ΜΑΡΘΑ ΚΟΝ: ΜΙΑ ΓΑΛΛΟ-ΕΒΡΑΙΑ ΚΑΤΑΣΚΟΠΟΣ
– Με εντολή του απουσιάζοντος “ΕΛΛΗΝΑ“, σας παρουσιάζω σήμερα το παρακάτω ενδιαφέρον άρθρο, για όσους ασφαλώς ασχολούνται (και) με τον κόσμο του… “μυστηρίου”!..
Photo by David Miller
“Marthe Cohn: A Jewish spy infiltrates Nazi Germany“
by Jane Ulman
Marthe Cohn (nee Hoffnung), was crouching in a forest, dressed in a skirt and jacket, with white socks covering her silk stockings. She took a deep breath and grabbed her suitcase, taking leave of Georges Lemaire, the Swiss intelligence officer who had accompanied her to this spot on the Swiss-German border. Marthe began crawling through the underbrush toward the stretch of road patrolled by two German sentries. She waited until they met midway and reversed direction, so their backs were to her.
This was her cue. She was to pose as Martha Ulrich, a German nurse searching for her fiancé, but she was suddenly paralyzed by fear, overcome by the enormity of her mission, so she just lay there for more than two hours. Then she thought about a captain named Mollat, the French officer who had overseen her previous 14 missions to infiltrate enemy territory, all unsuccessful, and who had doubted her abilities.
She rose, pulling herself up to her full 4-foot-11 height, and walked to the road. “Heil Hitler,” she greeted the sentry coming toward her, presenting her papers. “Go on your way,” he said.
It was April 11, 1945, two days before Marthe’s 25th birthday.
Marthe was born on April 13, 1920, in the French Lorraine city of Metz, the fifth of Fischel and Regine Hoffnung’s eight children. An observant family, they lived in a comfortable five-bedroom apartment, supported by Fischel’s photofinishing business.
Marthe spoke fluent French and German and attended the Lycee de Jeunes Filles, but she disliked school, preferring to read at home. At 17, she left school and worked at her sister Cecile’s hat salon.
After Kristallnacht, Marthe and her family feared for the Jews in Germany. Still, she said, “We never thought Hitler would do that to the French.” Nevertheless, in August 1939, at the request of the local government, the family relocated to Poitiers, a city southwest of Paris, where they opened up a wholesale clothing business.
Life continued fairly normally until May 10, 1940, when Germany invaded the Low Countries and France. Two months later, the Germans occupied Poitiers and appropriated the Hoffnungs’ business, but not before Marthe and Cecile had removed their valuable inventory.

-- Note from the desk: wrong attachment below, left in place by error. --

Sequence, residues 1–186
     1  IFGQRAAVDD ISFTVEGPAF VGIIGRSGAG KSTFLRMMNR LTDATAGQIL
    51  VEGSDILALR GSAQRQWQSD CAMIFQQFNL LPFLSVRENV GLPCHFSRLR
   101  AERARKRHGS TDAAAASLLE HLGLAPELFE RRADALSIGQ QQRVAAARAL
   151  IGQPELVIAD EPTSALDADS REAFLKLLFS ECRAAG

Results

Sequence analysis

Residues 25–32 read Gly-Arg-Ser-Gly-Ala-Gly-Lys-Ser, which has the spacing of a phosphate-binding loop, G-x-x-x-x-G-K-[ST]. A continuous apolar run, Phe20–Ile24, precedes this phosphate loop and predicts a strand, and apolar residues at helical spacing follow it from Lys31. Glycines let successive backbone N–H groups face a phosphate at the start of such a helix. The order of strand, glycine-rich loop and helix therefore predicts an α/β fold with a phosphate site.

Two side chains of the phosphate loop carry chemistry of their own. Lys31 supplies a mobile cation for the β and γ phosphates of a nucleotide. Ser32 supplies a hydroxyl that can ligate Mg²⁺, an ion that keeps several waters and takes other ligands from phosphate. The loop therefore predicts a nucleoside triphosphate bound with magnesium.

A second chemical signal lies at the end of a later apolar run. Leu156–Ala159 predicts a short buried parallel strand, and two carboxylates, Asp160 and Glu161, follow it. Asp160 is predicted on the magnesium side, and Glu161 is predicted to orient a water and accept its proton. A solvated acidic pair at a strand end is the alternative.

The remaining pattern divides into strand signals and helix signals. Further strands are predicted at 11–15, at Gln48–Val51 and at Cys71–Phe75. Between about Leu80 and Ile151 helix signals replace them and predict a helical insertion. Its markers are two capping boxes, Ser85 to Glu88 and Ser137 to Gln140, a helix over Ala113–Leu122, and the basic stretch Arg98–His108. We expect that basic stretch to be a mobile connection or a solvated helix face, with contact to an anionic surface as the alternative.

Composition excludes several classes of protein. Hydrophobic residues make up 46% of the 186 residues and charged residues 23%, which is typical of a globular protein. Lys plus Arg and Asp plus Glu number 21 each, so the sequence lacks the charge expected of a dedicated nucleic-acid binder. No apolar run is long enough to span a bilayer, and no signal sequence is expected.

Marthe later secured a job as an interpreter at the Poitiers town hall, and on April 13, 1941, she met Jacques Delaunay, a lapsed Catholic and medical student. Their paths would cross again.
The following August, Marthe and the other Jews in her office were let go, at gunpoint. Marthe then enrolled in the local Red Cross nursing college.
Meanwhile, Adjutant Wilhelm Hipp, a member of the German security police, visited the Hoffnungs’ house every evening to make certain they were adhering to curfew. On June 17, 1942, he barged in and snapped, “Which one is Stephanie?” When Marthe’s next-youngest sister stood up, he announced, “You’re under arrest.”
Stephanie had been helping Jews flee into unoccupied France, less than 25 miles to the south, and was sent to an internment camp. Marthe tried to help her escape by having her transferred to a hospital from which she could be rescued, but that plan endangered the entire family. Marthe decided that the family would attempt to flee at the same time.
Several months later, carrying forged documents and dressed as French peasants, the family headed to Saint-Secondin, which bordered the unoccupied zone. Once there, Fischel and three others immediately set out while Marthe waited.
Early that evening, with Marthe’s grandmother propped on a bicycle and Marthe and her mother flanking her, they proceeded down the main road. Near the border, they came upon small houses where local farmers, poor French peasants, sat outside chatting and relaxing.
Marthe became worried. She knew they had been offered huge sums of money to report escapees. But as she approached, she saw them kneel down to pray for the family’s safe passage. Marthe cried, bowing her head in thanks. “It’s the most beautiful human story that I lived through,” she recalled.
The group reunited at Usson-du-Poitou, but Stephanie never arrived. The next evening, they had to depart for Arles. Marthe learned two weeks later that Stephanie had been transferred to Drancy, another internment camp.
On Nov. 11, 1942, the Germans occupied Vichy France. By this time, Marthe was living in Marseilles, continuing her nursing studies.
Marthe saw Jacques briefly in February 1943 and at Passover. They met again in July in Paris, where he was taking his medical exams and she had procured a summer job. He told her he was in trouble. His small resistance unit had inadvertently killed a French doctor, a Nazi collaborator, in a kidnapping gone awry. He had also helped attack a German supply train.